By John Delia
Sep 13, 2012 11:39 AM EST

For a Good Time, Call ... Theatrical Review

For a Good Time, Call ... Theatrical Review
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Using sexuality in a comedy has stimulated a wave of movie making but has it gone too far?  Using every expletive possible from today's amoral vocabulary For a Good Time, Call… opens in theaters with an attempt to titillate and shock audiences.  Well it does the latter for sure, but for the most part it's the ladies who are taking to the film while the men just gawk and chortle as witnessed at a recent screening of the comedy. Is degrading women even though it tongue-in-cheek comedy a good tactic in today's society?  I guess we'll just have to wait for the box-office results.
Living in New York on a string, Lauren Powell (Lauren Anne Miller) has parted with her rich boyfriend Charlie (James Wolk) who decides to move out of the country for a spell.  Without a place to live she moves in with her gay friend Jesse (Justin Long) who promptly scouts out a roommate for Lauren so she'll be out of his hair giving back his privacy.  But, it's just not any roommate to which Jesse introduces Lauren, its Katie Steele (Ari Graynor) the fast talking ditsy girl who ten years earlier doused pee all over Lauren while giving her a ride home. 
With Katie about to lose her apartment for back payment on her lease and Lauren not wanting to move out of New York and miss a possible chance at her dream job, the two consent to a limited arrangement. When Lauren finds out Katie has been getting most of her income giving phone sex things start getting out of control until she realizes there's a lot of money in the business.
The acting is cutesy and over the top with a lot of forced dialogue to shock and awe most audiences.  But, I have to admit the chemistry is excellent between Miller and Graynor and they do make a good team on the screen.  Creating opposing personalities and playing them well against each other, the laughter created gets contagious as the script develops into a very funny spoof on phone sex.  You have to believe it's all in fun and the salacious dialogue is there only to stun and astonish.
Justin Long gives a great performance under the direction of first timer Jamie Travis who's only accomplishment to date is a Documentary on National Park wildlife. Travis does a surprisingly superb job with Justin's portrayal of Jesse, an accomplished gay guy with metro smarts, who gets a lot of the comedy rolling with his flamboyant humor. 
Also in support, Seth Rogan gives a hilarious portrayal of a pilot that delays his flight to pleasure himself in a bathroom while talking to Lauren for porn fantasy. There are a number of cameos including Kevin Smith (Jay and Silent Bob) as a cab driver, Mimi Rogers (Austin Powers) creates Lauren's unsuspecting mom, Nina Vardalos (My Big Fat Greek Wedding) plays a job recruiter, and  Don McManus (Franklin and Bash) as Lauren's shocked father.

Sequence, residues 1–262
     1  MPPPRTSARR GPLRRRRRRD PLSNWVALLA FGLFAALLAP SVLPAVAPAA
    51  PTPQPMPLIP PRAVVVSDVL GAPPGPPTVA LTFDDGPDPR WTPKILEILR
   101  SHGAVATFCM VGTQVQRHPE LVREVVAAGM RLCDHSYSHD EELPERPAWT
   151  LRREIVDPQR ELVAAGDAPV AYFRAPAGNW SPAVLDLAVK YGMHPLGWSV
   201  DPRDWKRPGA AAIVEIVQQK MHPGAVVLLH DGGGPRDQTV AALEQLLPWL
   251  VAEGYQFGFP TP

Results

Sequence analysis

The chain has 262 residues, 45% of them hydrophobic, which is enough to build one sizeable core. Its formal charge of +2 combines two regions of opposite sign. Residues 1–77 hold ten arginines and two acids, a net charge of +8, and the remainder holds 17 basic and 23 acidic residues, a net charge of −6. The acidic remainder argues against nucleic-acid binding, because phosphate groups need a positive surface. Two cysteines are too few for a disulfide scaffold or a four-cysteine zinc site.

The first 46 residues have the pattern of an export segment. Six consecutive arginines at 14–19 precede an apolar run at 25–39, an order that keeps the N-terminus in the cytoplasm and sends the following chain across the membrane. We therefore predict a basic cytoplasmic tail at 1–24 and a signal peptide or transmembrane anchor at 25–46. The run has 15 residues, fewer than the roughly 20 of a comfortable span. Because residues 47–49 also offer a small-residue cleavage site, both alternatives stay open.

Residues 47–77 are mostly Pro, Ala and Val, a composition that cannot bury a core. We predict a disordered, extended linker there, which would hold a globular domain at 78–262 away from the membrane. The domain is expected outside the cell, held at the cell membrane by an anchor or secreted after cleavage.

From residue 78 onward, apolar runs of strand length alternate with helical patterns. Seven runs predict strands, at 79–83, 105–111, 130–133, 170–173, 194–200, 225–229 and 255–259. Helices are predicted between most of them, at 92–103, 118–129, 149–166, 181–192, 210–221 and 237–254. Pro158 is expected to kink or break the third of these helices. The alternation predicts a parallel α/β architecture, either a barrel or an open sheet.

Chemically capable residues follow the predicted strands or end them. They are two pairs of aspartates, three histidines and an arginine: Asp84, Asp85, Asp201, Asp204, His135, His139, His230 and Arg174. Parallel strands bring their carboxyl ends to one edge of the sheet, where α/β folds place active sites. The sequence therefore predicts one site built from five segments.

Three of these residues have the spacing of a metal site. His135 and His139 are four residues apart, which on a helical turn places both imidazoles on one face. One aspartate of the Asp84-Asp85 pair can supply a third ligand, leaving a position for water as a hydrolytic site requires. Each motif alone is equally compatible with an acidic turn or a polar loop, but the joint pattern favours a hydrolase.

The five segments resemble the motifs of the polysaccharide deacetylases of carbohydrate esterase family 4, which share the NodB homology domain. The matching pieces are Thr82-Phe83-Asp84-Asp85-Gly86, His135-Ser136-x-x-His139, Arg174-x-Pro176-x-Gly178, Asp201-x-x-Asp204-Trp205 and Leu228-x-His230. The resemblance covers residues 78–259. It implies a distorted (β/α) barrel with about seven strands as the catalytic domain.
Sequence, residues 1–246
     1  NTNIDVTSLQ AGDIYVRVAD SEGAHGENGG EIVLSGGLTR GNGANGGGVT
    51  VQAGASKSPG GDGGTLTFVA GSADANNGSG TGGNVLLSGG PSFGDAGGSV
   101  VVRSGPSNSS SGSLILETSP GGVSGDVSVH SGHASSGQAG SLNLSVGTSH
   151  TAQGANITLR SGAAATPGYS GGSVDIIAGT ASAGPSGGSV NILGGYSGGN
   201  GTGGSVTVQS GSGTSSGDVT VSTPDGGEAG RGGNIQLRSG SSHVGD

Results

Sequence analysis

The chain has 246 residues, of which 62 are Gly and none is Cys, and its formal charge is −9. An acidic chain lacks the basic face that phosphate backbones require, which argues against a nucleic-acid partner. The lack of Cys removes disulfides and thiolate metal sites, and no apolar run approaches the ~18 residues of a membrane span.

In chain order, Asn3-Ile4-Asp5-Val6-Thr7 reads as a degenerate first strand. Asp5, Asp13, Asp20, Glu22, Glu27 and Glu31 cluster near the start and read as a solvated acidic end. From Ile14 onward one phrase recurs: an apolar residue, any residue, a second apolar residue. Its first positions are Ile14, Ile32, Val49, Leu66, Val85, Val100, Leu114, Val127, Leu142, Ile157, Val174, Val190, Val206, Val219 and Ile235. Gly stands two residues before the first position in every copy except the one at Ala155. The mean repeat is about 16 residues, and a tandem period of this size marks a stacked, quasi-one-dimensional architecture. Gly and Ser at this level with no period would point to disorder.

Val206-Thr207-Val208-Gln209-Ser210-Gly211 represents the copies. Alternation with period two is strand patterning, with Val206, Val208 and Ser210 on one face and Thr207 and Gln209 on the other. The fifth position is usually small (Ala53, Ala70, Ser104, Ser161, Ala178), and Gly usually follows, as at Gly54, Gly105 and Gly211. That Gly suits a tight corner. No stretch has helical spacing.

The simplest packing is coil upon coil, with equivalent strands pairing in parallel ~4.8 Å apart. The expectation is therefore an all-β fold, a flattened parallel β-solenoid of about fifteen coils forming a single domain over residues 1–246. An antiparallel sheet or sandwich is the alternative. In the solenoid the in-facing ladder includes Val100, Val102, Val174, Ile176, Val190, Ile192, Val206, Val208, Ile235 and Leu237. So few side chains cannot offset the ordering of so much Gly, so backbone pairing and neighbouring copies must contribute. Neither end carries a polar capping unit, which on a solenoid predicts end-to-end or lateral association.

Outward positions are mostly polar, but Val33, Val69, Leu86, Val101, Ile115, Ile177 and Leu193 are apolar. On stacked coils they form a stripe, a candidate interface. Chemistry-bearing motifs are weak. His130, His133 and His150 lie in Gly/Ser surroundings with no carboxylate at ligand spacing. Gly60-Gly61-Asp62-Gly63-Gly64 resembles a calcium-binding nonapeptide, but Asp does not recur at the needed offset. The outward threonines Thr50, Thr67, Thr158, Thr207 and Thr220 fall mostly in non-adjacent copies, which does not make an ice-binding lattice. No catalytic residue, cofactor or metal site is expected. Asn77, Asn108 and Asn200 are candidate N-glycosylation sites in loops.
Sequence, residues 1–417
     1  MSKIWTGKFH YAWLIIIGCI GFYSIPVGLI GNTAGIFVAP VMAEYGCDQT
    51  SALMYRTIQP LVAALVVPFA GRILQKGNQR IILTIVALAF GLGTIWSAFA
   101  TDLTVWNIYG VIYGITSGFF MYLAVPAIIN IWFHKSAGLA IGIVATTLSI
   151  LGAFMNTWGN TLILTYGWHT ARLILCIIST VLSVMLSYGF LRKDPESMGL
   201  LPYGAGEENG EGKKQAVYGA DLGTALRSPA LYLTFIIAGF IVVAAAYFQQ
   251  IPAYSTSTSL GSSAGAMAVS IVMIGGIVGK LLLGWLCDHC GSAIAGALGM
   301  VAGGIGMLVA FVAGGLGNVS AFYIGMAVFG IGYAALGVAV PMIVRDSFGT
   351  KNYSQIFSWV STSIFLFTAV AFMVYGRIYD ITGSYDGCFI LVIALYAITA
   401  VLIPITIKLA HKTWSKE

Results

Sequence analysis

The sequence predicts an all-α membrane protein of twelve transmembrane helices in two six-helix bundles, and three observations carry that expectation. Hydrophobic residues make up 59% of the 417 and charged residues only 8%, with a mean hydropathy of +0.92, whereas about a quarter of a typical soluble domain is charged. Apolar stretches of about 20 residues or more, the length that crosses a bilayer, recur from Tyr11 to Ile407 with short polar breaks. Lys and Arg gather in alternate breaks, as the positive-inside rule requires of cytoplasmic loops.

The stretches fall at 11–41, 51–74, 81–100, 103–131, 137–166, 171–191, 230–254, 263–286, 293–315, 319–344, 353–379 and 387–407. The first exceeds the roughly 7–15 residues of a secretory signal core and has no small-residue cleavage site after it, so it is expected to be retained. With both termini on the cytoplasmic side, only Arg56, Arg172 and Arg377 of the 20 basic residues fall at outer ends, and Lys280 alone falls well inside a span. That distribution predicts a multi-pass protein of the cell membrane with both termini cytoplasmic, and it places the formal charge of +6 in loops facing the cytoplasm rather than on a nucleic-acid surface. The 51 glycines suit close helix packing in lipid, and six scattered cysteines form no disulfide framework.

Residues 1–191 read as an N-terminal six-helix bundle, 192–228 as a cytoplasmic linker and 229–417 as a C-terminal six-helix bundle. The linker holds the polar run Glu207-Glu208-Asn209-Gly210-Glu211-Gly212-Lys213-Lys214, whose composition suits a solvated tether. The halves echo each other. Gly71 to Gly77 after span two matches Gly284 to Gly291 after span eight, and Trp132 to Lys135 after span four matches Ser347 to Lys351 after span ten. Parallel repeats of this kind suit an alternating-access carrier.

For a Good Time, Call… has been rated R for strong sexual content throughout, language and some drug use. The film uses an inordinate amount of curse words, remarks on a large number of sexual deviations, and uses visual ploys that include various dildos and other sex toys.  It's not the first film to try comedy sex shock aggrandizing it in Zack and Miri Make a Porno (2008), Sorority Boys (2002), American Pie series (1999-2012) and Old School (2003) to name a few, even milder television shows like The Simpsons. 
My rant: Maybe the wave of porn/sex in movies has become so commonplace that it has moved past the moral norm.  Nudity and sex have become ordinary insertions to attract an audience, mostly to titillate and draw a large male crowd, yet with For a Good Time, Call… like Bridesmaids, females may become the predominant viewers of sex shock no matter how degrading or embarrassing it may be. Just saying (food for thought)
FINAL ANALYSIS: A wild comedy with a lot of verbal shock. (C+)
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MPAA Rating: R
Running Time: 86 minutes
Distributed By: Focus Features

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About John Delia

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John Delia has been on all sides of the movie business over his lifetime from writing for newspapers to film making. He has been a film critic for many years and earned his Bachelor's Degree in Journalism and Communications from the University of Florida. John is also a member of the Southeastern Film Critics Association (SEFCA) which is comprised of more than 40 journalists working in the print, radio and online media. Read more reviews and content by .

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